Before COVID created the urgent and critical need to shift to virtual health care services, the slow acceptance and use of telemedicine was generally due to consumers’ lack of familiarity and trust in the virtual care delivery model. However, with the ability to treat a variety of health care needs virtually, the pivot to telemedicine was an obvious alternative for non-emergency care during the height of the pandemic when many doctor’s offices and urgent care facilities closed their doors. One patient population that telemedicine services have been particularly valuable for are those within the mental health category.
As the initial and ongoing effects of the pandemic continue to impact the mental health and well-being of individuals and society in general, it is no surprise that the demand for virtual mental health care services has been a major side effect of the pandemic.
Telehealth for Mental Health
The prevalence of mental illness in the U.S. was growing before COVID. Since the onset of the pandemic, mental health conditions and substance misuse have reached new heights as people struggle to cope with and adjust to the ever-changing circumstances. “Telemental” health services have been essential in addressing this critical need for mental health care during the pandemic.
In 2020 and throughout this past year, the top category of telehealth diagnoses has been mental health conditions. Of the diagnoses, the most common are generalized anxiety disorder, followed by major depressive disorder, and adjustment disorders, according to FAIR Health data. FAIR Health’s Monthly Telehealth Tracker found that mental health conditions accounted for 30% of the volume of claim lines in January 2020. Fast forward to June 2021, where mental health conditions accounted for 61.3% of telehealth diagnoses.
This marks the highest recorded percentage since the start of the pandemic, although overall telehealth utilization has fallen throughout 2021. This drop in telehealth utilization and increase in virtual mental health care may indicate the success that mental health patients see in the delivery of virtual behavioral health care.
As many practices and healthcare facilities have begun facilitating in-person visits, having the option to obtain professional treatment through telemedicine can provide a safe environment for individuals who struggle with stigma. Stigma has long been attached to mental illness and can be harmful to the one in five U.S. adults living with one.
Although strides are being taken to understand mental health and break the stigma, it remains a challenge for many living with mental health disorders. With the convenience, accessibility, and privacy that telemedicine provides, virtual therapy sessions for mental health conditions can result in fewer missed appointments and cancellations and higher numbers of treatments for the over 26 million individuals whose mental illnesses are going untreated.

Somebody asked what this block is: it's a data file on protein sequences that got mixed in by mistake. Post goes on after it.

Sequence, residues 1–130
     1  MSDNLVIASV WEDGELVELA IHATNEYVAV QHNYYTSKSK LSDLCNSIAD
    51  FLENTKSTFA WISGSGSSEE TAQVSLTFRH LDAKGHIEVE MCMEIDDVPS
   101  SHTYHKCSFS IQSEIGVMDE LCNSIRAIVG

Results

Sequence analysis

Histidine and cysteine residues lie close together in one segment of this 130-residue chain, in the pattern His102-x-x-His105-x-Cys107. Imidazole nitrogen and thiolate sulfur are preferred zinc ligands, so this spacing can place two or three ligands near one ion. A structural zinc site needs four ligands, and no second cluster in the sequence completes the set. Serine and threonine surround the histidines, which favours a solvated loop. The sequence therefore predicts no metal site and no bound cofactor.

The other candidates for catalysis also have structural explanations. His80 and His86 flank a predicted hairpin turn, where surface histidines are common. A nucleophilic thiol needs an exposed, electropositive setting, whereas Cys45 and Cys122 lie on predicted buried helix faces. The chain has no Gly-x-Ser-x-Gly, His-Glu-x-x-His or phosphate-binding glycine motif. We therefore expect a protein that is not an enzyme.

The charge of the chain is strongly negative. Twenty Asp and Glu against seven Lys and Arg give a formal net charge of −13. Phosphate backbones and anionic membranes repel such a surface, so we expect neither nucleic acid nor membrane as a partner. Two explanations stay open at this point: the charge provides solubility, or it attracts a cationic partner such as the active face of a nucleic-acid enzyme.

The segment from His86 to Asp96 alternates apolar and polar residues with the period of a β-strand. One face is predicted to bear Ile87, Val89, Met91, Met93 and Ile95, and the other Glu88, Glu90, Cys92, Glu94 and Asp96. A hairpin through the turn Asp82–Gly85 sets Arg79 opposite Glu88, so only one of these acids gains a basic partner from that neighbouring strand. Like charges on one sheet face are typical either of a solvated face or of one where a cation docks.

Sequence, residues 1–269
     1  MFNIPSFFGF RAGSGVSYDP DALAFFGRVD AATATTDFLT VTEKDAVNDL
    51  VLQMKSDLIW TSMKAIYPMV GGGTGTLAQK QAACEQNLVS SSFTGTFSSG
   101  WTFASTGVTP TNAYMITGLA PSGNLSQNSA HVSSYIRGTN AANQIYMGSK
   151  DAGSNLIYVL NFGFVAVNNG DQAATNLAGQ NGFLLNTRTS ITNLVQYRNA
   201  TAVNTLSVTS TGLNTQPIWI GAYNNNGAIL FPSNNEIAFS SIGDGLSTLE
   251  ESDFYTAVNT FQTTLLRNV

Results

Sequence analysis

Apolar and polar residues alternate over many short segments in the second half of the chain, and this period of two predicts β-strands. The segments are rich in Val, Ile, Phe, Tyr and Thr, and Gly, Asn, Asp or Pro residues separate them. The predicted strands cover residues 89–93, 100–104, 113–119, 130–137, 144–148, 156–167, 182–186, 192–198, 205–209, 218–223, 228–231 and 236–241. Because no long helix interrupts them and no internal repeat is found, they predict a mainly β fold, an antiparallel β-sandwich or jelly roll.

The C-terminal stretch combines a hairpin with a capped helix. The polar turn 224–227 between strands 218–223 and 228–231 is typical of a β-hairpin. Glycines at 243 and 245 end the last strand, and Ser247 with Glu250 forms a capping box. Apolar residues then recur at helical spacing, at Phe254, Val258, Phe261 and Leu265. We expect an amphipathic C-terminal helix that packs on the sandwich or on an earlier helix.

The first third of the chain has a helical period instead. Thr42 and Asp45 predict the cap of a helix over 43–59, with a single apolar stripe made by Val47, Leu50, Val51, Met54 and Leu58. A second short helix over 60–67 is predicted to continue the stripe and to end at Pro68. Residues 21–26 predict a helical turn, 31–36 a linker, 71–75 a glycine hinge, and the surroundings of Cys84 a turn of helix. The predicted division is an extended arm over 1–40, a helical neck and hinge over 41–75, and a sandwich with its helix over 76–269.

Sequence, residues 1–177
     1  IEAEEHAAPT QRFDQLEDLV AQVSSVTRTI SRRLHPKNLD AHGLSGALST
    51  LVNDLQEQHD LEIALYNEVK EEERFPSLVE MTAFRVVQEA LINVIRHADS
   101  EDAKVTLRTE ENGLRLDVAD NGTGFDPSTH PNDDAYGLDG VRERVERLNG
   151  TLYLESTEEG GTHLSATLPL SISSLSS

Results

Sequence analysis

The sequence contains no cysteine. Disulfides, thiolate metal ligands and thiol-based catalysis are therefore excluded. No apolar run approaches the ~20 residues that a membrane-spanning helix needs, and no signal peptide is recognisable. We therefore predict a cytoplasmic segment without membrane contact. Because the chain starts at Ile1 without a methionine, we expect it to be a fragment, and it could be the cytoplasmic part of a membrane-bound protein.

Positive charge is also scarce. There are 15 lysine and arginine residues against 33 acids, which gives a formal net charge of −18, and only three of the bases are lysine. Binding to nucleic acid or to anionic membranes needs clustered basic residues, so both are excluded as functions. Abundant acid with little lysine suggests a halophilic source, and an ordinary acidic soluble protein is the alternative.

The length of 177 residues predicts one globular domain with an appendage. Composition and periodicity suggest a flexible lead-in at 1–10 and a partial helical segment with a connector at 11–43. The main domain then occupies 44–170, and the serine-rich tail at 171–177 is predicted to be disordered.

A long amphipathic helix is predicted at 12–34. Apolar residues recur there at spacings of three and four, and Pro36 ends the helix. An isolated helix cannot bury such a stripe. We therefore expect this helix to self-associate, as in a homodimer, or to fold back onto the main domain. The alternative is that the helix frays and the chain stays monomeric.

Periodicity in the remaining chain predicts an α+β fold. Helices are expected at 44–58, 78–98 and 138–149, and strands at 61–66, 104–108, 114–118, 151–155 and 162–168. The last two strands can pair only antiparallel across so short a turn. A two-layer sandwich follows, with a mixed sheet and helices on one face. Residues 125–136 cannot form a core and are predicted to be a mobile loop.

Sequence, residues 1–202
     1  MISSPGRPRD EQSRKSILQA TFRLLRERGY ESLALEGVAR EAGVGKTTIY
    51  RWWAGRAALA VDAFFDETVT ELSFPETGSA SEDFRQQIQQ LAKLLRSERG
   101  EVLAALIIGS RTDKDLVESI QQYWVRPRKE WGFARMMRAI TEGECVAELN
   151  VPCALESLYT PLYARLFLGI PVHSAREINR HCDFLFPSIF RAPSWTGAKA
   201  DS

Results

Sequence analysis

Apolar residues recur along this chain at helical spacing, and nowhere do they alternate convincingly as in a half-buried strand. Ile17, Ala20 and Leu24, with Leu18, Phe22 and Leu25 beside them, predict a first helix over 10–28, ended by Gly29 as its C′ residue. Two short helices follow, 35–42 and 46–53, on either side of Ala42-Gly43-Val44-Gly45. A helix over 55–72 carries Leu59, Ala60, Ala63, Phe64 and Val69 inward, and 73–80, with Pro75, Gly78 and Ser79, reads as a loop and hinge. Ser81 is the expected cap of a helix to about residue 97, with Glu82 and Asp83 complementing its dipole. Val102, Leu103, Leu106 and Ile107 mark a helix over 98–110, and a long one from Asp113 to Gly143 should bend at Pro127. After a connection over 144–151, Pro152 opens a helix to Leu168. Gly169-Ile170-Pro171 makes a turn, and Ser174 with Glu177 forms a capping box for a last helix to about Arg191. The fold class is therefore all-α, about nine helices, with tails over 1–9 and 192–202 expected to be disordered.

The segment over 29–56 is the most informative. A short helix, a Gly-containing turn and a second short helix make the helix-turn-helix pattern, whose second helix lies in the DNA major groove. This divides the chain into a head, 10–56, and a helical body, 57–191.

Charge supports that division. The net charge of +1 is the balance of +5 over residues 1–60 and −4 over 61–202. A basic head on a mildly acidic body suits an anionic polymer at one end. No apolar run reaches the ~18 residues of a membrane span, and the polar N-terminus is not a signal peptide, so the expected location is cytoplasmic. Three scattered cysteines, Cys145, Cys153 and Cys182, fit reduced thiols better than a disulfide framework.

Expanding Mental Health Offerings
The impact of the pandemic has taken a substantial toll on the well-being of employees, and employers recognize the emerging importance of telemedicine in their healthcare benefits – especially when it comes to the treatment of mental health issues. In the 2021 Large Employers’ Health Care Strategy and Plan Design Survey 91% of respondents revealed that they would offer mental telehealth services. An additional survey by the employer membership body Business Group on Health found that virtual tools and mental health services are two of the top priorities among large employers when planning their healthcare benefits strategies for 2022 and beyond.
While mental health care via telemedicine has its advantages, it is not an ideal alternative for everyone. There are instances in which patients may be advised against telemedicine visits, instead opting for a hybrid of in-person and virtual appointments based on their mental health status. For example, individuals who struggle with severe social anxiety may benefit from leaving their home for treatment or interacting with others through in-person group therapy sessions. Additionally, if the physician needs to perform a physical evaluation of the patient’s behavioral health, distinguishing any abnormalities such as eye contact and body language concerns may not be as detectable via telemedicine.
Momentum Moving Forward
The COVID-19 pandemic made telemedicine a hit. So, is this momentum expected to continue in a post-pandemic world? Although utilization has declined since its Spring 2020 peak, a July 2021 study suggested that usage was still 38 times higher than it was pre-COVID.
Virtual health care delivery existed before COVID and will continue to evolve as an alternative for patients when deemed appropriate. The pandemic has shown that virtual care services are an efficient and long-term solution for treating a variety of health concerns, especially those in the mental health category. As employers increasingly explore telemedicine options as they relate to mental health, evaluating your clients’ virtual care offerings relating to their members’ needs will be essential to building a competitive benefit.